General Motors Co. is teaming up with Microsoft Corp. to accelerate its rollout of electric, self-driving cars.
In the partnership announced Tuesday, the companies said Microsoft’s Azure cloud and edge computing platform would be used to “commercialize its unique autonomous vehicle solutions at scale.”
Microsoft joins General Motors, Honda Motor Co. Ltd. and other institutional investors in a combined new equity investment of more than US$2-billion in Cruise, bringing its valuation to about US$30-billion. Cruise, which GM bought in 2016, has been a leader in driverless technology and got the go-ahead from California late last year to test its automated vehicles in San Francisco without backup drivers.
Auto companies have been joining forces and bringing technology firms on board to try to spread out the enormous costs – and by nature, risks – of developing self-driving and electric vehicles.
Honda is in on the Cruise project with GM, Volkswagen Group and Ford Motor Co. have teamed up with Pittsburgh autonomous vehicle company Argo AI, and Hyundai Motor Co. joined with Fiat Chrysler last summer in a deal to use Waymo’s driverless car technology.
Toyota Motor Corp. and Uber Technologies Inc. are also working together, while Amazon.com, Inc. skipped over the automaker part of the equation and last summer bought self-driving technology company Zoox, which is developing an autonomous vehicle for a ride-hailing service.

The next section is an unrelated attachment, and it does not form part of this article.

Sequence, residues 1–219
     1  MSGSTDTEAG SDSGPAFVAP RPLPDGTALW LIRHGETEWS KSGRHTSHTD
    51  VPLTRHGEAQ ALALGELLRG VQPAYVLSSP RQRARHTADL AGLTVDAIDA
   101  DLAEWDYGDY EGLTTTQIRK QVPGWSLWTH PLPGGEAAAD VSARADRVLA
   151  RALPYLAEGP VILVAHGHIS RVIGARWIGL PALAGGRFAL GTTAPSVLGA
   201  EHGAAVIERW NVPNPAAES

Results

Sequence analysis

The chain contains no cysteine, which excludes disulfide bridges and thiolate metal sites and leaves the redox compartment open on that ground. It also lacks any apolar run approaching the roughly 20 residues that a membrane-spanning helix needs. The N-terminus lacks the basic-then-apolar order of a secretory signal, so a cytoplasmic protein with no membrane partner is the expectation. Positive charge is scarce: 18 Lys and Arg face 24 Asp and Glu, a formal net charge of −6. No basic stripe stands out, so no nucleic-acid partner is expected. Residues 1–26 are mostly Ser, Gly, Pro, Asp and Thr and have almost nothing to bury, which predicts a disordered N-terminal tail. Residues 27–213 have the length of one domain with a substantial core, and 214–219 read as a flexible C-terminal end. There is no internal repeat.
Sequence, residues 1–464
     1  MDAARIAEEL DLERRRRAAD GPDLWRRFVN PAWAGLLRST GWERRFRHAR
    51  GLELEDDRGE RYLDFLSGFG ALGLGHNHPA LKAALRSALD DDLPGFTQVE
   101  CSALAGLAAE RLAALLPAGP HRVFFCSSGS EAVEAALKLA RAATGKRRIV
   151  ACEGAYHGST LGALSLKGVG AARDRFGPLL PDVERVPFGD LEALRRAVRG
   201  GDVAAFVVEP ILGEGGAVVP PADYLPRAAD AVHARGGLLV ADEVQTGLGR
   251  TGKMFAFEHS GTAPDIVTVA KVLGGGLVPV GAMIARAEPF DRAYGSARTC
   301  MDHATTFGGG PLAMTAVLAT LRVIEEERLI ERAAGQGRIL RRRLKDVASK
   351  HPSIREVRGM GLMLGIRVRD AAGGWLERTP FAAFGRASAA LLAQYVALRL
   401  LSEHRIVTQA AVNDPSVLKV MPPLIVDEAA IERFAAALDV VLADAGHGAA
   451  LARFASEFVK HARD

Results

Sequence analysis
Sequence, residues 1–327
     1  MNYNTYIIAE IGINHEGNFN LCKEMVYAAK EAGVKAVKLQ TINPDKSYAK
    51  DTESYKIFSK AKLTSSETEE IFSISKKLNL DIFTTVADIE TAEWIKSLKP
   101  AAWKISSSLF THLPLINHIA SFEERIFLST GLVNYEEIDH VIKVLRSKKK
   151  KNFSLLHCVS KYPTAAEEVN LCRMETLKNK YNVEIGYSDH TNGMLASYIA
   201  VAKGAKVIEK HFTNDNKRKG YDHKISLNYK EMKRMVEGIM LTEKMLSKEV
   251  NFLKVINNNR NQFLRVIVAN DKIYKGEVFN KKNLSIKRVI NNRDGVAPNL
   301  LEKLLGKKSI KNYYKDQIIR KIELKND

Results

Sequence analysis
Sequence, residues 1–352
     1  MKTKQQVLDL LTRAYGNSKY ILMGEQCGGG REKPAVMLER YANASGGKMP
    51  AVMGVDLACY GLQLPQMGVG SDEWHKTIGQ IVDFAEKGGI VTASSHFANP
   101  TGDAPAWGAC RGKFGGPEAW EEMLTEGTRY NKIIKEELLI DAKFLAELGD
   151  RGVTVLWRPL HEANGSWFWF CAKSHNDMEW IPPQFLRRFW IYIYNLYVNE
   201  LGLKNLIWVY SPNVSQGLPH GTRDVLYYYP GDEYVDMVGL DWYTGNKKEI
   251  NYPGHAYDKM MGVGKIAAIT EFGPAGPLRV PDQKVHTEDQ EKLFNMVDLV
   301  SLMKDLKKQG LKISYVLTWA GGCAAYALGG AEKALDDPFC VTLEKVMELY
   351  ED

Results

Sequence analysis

“Microsoft is a great addition to the team as we drive toward a future world of zero crashes, zero emissions and zero congestion,” said GM chairman and chief executive Mary Barra. “Microsoft will help us accelerate the commercialization of Cruise’s all-electric, self-driving vehicles and help GM realize even more benefits from cloud computing as we launch 30 new electric vehicles globally by 2025 and create new businesses and services to drive growth.”
General Motors has been aggressively revamping its image, saying the industry has reached a history-changing inflection point for mass adoption of electric vehicles. The 112-year-old Detroit automaker this month unveiled a new corporate logo to signify its new direction as it openly pivots to electric vehicles. It wants to be seen as a clean vehicle company, rather than a builder of cloud-spewing, gas-powered pickups and SUVs.
GM scrapped its old square blue logo for a lowercase gm surrounded by rounded corners and an `m’ that looks like an electrical plug.
Shares in GM jumped more than 9 per cent in afternoon trading, to US$54.53.
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